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Technique is the number one element for squatting big weights. To add complexity to this subject, the squat is the most technical of all barbell lifts due its multiple components having to be coordinated: timing, depth, tightness, and the correct bar path.

If you train with bad form, no supplemental exercise or training program will drive your squat up. It will only get you so far, and then you get stuck (literally).   

The box squat is one of the most valuable exercises you can do to either learn proper squat form from the get-go, or to add poundage to the bar when form creep starts to happen over time.

This article focuses on the benefits of box squatting, proper execution, as well as programming of what is one of the most underrated exercises on your strength journey.



Squatting to a box allows you to sit back onto the box to a point where your shins and knees are “held back”, thus increasing the tension inn your glutes, hamstrings, and lower back. This is much more difficult to perform on a regular squat as you have nothing to sit back and down on. The box acts as both a cue and target, and you can rest assured that you won’t fall down.

The box squat places a tremendous amount of stress on the squatting muscles – glutes, hamstrings, and lower back - making it a powerful tool to add poundage to the bar in a short time.

In fact, the quads are not that important for squatting as they represent a much smaller surface area than the posterior chain muscles together. The hips are drivers in the squat, not your quads!



When box squatting, you always squat to the same depth. This allows for repeatability in your squat pattern. It also prevents you from squatting too shallow, which can be the case as you start adding more and more weight to the bar. Simply put, with box squats you’ll always go low enough.



Box squats reinforce good squat mechanics. The “reaching back with the hips” pattern is something beginners would normally struggle with as they naturally tend to shift too much of their weight onto their knees. This would fail to develop proper hamstring and glute strength and thus make their squat performance inefficient. In the long-run, poor strength in a certain muscle group will be hard to correct unless the weight is being dropped by a large amount for those muscles to catch up. While resets are ok and natural in everyone’s training, we don’t want to take ten steps backwards to start all over again as this is a waste of time.



The box squat requires you to stay tight all over the body in order to perform a “soft” landing on the box. The one thing you exactly don’t want to do is plummet your backside onto the box and use it as a trampoline. You have to stay tight to be aware of your body positioning at the bottom of the range. If you just collapse onto the box, you lose awareness of where your body is in space.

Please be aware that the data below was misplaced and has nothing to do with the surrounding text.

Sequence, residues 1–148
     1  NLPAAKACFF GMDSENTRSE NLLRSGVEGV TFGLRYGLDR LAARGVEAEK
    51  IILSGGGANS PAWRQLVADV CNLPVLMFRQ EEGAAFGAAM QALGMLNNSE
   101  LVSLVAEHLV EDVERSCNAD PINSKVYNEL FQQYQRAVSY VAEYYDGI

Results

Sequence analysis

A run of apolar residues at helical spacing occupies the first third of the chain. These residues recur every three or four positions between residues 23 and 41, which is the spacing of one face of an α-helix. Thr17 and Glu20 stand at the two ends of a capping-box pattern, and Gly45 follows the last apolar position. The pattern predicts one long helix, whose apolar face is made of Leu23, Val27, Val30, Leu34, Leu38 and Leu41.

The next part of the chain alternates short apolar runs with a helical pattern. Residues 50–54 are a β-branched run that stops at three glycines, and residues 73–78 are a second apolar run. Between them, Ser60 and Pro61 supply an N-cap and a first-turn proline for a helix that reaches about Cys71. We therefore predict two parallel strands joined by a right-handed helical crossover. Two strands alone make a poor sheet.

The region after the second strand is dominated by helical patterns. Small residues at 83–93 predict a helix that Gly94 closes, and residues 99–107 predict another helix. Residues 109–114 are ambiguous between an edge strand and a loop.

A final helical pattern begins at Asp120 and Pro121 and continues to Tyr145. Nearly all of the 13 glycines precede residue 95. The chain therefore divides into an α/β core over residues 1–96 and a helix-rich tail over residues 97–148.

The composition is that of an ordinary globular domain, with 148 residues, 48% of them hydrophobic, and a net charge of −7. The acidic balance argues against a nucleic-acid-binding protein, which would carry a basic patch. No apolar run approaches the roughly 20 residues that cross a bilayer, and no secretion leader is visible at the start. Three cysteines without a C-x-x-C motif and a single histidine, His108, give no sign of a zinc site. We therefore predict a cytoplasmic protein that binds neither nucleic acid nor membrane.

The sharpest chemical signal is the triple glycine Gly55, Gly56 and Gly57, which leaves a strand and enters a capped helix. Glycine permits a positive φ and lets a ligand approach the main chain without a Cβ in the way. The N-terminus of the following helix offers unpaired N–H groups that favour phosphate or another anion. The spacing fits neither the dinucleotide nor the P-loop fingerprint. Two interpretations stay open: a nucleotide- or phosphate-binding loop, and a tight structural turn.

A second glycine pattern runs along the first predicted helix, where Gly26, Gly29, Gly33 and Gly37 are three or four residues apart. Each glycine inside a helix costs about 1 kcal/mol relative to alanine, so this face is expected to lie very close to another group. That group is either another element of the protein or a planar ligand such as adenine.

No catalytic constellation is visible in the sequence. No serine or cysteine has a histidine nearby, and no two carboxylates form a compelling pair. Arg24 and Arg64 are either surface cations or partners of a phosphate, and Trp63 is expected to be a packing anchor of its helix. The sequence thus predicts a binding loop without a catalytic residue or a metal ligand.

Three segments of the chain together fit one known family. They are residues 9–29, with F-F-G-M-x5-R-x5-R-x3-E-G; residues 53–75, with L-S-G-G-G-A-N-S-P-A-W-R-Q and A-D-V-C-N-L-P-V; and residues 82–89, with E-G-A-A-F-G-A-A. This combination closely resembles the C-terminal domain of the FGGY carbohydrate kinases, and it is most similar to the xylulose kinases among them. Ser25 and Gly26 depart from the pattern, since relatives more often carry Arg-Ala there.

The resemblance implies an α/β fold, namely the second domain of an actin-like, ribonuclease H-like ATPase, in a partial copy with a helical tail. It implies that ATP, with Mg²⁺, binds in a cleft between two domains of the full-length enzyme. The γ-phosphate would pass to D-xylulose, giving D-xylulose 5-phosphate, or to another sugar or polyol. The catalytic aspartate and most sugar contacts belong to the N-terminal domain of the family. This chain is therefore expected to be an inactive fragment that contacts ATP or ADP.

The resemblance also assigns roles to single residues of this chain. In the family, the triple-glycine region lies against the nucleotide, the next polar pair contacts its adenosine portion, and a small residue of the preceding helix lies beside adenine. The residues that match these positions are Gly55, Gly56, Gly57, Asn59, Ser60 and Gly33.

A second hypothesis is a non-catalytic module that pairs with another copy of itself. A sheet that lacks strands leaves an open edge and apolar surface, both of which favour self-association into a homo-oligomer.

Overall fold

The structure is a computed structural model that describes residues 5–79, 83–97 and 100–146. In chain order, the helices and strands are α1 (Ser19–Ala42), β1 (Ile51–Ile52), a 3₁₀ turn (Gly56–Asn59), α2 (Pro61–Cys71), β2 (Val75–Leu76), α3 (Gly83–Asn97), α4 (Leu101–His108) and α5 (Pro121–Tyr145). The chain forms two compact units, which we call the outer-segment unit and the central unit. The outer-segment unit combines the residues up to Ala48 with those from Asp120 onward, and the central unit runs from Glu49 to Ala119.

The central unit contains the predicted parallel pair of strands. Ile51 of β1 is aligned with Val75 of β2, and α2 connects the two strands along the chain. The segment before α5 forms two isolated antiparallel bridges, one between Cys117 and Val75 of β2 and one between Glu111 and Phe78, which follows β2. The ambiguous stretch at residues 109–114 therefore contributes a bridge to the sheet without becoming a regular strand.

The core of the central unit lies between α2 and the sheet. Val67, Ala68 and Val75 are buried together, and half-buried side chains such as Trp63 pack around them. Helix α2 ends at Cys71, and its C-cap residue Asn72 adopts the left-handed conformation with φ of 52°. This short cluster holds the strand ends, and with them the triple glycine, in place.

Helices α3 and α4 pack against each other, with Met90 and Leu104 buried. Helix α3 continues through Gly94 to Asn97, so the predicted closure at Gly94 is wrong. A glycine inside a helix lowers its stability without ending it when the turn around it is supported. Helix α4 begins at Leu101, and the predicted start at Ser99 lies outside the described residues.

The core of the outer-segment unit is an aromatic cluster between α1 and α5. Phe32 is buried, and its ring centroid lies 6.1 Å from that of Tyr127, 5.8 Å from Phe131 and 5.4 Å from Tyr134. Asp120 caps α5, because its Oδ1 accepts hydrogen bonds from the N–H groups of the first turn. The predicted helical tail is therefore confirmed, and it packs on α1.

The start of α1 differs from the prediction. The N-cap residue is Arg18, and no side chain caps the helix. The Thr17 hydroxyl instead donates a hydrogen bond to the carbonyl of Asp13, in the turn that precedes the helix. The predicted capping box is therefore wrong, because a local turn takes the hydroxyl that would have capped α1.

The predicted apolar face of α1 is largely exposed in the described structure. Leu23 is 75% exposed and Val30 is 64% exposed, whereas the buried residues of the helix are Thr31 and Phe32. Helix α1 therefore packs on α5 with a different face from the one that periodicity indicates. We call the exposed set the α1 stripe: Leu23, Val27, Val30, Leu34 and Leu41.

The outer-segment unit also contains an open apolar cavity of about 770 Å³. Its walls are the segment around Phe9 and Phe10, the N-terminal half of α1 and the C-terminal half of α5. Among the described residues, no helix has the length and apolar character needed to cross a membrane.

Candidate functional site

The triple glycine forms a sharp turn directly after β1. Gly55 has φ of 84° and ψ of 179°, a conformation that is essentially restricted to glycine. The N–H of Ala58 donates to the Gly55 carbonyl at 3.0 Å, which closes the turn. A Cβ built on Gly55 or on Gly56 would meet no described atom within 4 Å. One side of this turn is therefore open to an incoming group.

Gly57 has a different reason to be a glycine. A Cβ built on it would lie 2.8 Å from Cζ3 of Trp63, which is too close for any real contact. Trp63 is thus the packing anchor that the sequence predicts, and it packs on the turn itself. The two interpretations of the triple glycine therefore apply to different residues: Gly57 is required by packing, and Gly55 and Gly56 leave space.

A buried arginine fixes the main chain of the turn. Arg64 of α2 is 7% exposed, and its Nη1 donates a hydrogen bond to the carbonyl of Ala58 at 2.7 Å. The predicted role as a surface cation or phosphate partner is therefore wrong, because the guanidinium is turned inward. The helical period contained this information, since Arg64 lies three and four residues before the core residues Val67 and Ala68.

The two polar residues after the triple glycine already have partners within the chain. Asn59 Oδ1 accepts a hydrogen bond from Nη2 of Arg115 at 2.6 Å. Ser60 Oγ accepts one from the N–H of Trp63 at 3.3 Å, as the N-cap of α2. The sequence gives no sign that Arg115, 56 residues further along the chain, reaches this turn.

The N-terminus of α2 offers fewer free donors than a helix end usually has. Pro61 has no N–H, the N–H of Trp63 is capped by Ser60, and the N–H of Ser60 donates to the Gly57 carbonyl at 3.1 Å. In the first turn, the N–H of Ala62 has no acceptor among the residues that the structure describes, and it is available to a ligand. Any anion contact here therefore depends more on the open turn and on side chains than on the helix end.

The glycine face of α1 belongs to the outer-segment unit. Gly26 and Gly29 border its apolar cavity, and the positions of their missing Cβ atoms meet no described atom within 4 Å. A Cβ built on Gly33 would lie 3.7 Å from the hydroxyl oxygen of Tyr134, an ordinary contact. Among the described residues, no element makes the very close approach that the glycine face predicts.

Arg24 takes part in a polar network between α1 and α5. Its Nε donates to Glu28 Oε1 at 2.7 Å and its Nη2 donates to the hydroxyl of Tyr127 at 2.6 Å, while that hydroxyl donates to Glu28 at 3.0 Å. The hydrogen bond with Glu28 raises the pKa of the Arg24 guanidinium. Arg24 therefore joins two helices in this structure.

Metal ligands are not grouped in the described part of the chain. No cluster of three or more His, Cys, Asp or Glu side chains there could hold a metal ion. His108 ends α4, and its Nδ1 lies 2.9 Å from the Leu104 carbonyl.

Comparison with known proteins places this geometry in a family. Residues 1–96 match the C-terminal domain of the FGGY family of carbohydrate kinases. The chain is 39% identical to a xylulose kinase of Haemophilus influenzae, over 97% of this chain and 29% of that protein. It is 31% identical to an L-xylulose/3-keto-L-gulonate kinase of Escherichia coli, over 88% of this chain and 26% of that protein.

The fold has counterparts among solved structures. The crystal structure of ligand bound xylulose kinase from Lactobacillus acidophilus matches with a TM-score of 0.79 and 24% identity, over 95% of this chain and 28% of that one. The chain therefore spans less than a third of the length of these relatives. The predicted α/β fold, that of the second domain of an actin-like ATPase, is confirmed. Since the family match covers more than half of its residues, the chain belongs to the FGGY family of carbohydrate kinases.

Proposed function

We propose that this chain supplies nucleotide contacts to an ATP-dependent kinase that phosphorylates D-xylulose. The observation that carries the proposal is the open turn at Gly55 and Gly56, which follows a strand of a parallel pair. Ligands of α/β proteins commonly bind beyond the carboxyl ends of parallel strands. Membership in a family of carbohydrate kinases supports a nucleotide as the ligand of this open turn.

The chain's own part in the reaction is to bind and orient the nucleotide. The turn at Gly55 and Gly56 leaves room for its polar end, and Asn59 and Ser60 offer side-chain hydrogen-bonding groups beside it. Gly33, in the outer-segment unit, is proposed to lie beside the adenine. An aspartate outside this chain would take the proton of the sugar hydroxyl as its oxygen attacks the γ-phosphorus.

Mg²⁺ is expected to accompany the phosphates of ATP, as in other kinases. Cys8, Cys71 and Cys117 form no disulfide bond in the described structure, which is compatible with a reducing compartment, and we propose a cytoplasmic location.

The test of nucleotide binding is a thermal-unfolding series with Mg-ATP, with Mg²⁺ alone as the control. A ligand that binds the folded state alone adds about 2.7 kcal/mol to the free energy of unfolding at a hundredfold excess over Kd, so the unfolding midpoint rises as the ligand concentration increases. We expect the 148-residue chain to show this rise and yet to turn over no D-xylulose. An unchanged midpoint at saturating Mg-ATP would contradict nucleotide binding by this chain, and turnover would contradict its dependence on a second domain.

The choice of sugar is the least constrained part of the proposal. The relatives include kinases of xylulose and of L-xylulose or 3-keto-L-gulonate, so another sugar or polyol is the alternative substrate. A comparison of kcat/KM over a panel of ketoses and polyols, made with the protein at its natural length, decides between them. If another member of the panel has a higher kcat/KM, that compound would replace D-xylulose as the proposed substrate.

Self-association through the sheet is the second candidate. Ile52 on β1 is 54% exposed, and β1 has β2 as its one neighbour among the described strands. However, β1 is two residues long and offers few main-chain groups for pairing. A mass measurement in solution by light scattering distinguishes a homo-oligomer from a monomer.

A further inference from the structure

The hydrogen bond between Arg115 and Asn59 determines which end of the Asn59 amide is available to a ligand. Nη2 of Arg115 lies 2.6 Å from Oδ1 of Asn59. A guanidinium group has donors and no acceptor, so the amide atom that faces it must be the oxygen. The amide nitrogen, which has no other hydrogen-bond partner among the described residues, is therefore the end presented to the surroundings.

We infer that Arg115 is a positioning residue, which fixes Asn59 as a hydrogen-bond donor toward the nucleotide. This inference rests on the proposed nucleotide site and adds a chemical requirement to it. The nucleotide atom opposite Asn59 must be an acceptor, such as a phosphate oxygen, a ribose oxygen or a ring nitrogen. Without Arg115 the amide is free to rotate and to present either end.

The box squat breaks the cycle of eccentric and concentric contraction. In short: because you are not relying on the stretch reflex at the bottom of the squat, your muscles have to produce greater amounts of force to drive the body up from the “resting position” on the box. This is a very effective way of building tremendous amount of explosive strength.



Get the entire body tight as you un-rack the bar. Breath into your belly and “seal the air” in your abdomen. Pull the bar into your back as if you were to bend it.

Stand up by locking your knees and keep the body tense while you do that. Do not give an inch anywhere. Stay tight!

As you start descending, imagine your trunk being a block of concrete. Nothing in the world should be able to move you from your stable position.

Remember: tight muscles can bear more load, and you can only move load that you can bear firsthand.

Lean forward with your trunk, and reach back and down with your hips towards the box. This will tighten the lower back muscles, and will create a hell of a lot of tension in your hamstrings and glutes – the main drivers in the squat. Force your knees out as you descend as this will externally rotate your femur and thus tighten your hips.

Focus on a “quiet” landing onto the box, and keep your body tight as you do this.

To drive out of the squat, shove your hips to the ceiling, while keeping your trunk angle the same. DO NOT stand up from your knees! You want to develop strength in the hips, so use them to your advantage!

The box should be one inch below parallel for most people as this mimics proper squat depth. For beginners, placing the box height one inch above parallel sometimes works better as they do not have the hip strength yet to come out of a low position.



We recommend that you perform box squats 1-2x per week depending on your need to improve form and hip strength. We have found that a variation with 1x/week box squatting & 1x/week regular squatting works well as the transfer from the box squat to the regular squat can be “tested” every week.

Tripples and sets of five work best for box squats as we want to develop strength while developing proper form.

Be aware that box squats are just as taxing on the body as regular squats as the nervous system has to work very hard in order to propel the body off a “dead” position on the box.


Want to squat big weights?

The box squat might just be what you’ve been looking for.

Stay strong.

Squat deep.

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